Because of the secrecy surrounding the purchase and use of these devices, driven by the nondisclosure agreements the manufacturers and the FBI have required law enforcement to sign before purchasing cell-site simulators, it is extremely difficult –if not impossible – to get an accurate count of who uses these devices around the country outside of federal agencies. And again, the guidelines issued last week only apply to certain federal agencies and do not cover the use of such devices by police and local law enforcement, which have been buying cell-site simulators with federal grants and asset forfeiture funds for at least a decade.
In its press release, the Justice Department says the new policy “reaffirms its commitment to hold itself to the highest standards.” What were the old standards, and how are these different?
DOJ did not have standards for the use of cell-site simulators for its law enforcement agencies, with the exception of the Federal Bureau of Investigation. Last year, the FBI for the first time issued a set of guidelines for how cell-site simulators could be used and began to require agents to obtain a warrant to use such devices. By and large, federal and state judiciaries have been kept in the dark about the use of such devices, because the nondisclosure agreements (I mentioned those above) bar the disclosure of such information. The nondisclosure agreements also call for criminal cases to be dropped if information about the cell-site simulators’ use could be disclosed. However, these guidelines also require new annual reporting about the use of cell-site simulators by the Department of Justice that will provide further, but limited, insight into how federal law enforcement conducts cellphone surveillance.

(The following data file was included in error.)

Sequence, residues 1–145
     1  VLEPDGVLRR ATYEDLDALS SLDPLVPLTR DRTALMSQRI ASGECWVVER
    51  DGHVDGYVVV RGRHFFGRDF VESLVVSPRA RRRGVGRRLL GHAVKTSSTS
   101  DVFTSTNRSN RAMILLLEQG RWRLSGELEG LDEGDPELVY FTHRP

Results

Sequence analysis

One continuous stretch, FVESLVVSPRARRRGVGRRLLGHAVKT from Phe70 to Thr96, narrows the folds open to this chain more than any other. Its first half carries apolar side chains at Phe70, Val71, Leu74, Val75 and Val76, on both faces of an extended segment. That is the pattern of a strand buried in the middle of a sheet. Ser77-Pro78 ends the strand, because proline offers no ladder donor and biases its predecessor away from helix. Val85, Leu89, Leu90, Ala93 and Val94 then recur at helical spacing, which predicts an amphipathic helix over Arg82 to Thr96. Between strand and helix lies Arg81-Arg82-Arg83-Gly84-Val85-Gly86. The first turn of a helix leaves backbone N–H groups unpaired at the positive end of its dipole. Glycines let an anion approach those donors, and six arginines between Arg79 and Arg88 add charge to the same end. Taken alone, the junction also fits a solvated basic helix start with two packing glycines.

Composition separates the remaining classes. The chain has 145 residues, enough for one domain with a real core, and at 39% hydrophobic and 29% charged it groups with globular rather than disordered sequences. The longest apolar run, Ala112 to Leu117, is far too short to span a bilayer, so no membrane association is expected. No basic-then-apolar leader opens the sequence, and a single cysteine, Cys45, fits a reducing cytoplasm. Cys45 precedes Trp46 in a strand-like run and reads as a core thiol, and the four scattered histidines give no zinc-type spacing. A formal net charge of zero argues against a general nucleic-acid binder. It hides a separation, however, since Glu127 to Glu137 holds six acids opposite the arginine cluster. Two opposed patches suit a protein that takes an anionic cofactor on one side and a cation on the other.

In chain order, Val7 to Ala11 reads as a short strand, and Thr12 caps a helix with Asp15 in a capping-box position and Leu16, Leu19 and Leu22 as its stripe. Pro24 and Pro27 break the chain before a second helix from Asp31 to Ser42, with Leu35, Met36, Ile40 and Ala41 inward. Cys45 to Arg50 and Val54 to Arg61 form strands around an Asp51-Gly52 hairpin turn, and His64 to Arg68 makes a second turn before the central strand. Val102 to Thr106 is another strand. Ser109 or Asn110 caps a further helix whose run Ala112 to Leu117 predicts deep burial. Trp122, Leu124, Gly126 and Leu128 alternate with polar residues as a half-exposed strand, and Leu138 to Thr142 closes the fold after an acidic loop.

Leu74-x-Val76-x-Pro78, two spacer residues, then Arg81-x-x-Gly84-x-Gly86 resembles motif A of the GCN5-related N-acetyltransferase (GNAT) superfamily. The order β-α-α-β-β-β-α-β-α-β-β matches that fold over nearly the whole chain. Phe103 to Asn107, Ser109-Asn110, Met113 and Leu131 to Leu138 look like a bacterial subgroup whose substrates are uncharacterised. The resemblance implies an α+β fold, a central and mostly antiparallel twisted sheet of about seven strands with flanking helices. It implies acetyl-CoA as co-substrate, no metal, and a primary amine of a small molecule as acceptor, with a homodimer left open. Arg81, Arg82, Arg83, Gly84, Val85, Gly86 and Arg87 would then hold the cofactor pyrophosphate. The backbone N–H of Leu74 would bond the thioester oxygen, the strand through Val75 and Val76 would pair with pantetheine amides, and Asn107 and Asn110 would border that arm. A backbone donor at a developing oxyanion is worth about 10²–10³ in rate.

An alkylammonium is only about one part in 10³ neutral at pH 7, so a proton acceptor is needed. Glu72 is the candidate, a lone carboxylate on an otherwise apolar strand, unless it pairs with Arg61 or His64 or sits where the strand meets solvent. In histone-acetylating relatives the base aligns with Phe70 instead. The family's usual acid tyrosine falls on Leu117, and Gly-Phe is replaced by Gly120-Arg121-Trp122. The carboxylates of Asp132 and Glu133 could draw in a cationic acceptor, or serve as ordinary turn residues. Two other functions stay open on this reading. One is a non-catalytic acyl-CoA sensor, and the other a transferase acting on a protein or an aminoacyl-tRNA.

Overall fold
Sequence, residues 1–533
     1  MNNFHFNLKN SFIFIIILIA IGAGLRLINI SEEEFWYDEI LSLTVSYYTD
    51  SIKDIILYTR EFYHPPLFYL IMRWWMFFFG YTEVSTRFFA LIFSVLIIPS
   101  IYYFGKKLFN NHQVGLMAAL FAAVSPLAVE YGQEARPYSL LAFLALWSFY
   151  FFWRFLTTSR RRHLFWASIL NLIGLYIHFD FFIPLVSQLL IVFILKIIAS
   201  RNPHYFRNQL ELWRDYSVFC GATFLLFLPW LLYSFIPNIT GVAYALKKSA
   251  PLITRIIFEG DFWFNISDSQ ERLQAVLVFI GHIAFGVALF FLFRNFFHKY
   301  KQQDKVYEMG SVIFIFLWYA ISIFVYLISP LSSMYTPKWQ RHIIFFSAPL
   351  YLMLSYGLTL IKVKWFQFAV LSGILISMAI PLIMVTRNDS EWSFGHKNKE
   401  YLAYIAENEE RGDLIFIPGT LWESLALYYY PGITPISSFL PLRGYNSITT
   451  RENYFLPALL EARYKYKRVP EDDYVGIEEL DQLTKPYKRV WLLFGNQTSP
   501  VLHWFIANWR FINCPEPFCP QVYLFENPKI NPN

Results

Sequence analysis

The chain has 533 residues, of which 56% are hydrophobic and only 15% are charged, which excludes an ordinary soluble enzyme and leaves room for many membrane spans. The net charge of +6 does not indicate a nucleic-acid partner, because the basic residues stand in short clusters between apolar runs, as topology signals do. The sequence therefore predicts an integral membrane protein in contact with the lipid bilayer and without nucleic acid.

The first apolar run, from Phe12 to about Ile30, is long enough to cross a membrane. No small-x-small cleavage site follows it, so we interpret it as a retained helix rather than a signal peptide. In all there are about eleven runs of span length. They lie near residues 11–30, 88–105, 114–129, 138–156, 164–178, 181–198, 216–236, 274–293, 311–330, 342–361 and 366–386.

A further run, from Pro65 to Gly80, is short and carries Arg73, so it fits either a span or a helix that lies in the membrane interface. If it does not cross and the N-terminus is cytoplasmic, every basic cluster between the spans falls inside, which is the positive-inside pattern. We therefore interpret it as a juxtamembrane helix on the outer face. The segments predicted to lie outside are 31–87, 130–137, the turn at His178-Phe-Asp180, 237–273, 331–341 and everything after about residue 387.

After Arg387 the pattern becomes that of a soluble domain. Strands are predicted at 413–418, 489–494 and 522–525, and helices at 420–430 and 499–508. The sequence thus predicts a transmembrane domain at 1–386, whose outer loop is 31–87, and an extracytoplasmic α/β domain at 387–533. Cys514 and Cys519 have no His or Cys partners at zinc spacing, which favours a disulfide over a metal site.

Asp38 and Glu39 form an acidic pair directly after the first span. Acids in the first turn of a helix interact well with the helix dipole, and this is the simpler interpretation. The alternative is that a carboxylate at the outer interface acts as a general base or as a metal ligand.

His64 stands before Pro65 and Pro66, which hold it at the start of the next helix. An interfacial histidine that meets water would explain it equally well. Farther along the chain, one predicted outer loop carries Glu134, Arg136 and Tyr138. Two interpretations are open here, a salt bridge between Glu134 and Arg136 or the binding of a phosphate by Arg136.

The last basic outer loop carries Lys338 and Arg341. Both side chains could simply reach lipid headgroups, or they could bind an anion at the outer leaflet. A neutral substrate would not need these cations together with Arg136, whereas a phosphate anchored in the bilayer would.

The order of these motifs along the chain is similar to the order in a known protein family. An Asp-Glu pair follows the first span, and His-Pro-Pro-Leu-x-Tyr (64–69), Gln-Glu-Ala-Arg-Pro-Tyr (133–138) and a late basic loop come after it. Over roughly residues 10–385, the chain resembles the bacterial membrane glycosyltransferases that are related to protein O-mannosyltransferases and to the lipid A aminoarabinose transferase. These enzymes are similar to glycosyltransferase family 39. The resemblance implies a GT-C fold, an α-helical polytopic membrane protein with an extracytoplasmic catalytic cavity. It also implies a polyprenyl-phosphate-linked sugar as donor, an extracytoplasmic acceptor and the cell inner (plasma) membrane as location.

The new policy emphasizes that communications like emails, texts and contacts may not be collected. Were they before?
There hasn’t been confirmation to date that Stingrays, DRT boxes or other cell-site simulators have been used to intercept calls, texts or data. What these devices do track and log are the location of a cellphone, the unique identifying number assigned to each mobile phone as well as the cellphone number, and a log of which devices have contacted the targeted phone. The best evidence I’ve been able to unearth about the interception capabilities of these devices is in Chicago, where product descriptions of the software package for the devices the Chicago Police Department use indicate they are able to intercept, record and play back audio calls.
Federal law enforcement agents must now have a warrant indicating probable cause before using a cell-site simulator. What implications might this have for pending cases where a warrant was not acquired?
This policy does not appear to apply to previous cases where cell-site simulators were or may have been used. Moreover, the policy is not enforceable in court, as referenced in a footnote on the second page of DOJ’s guidelines, and they do not provide requirements for notification in current or past cases. And again, this has no impact at all on state cases or local law enforcement.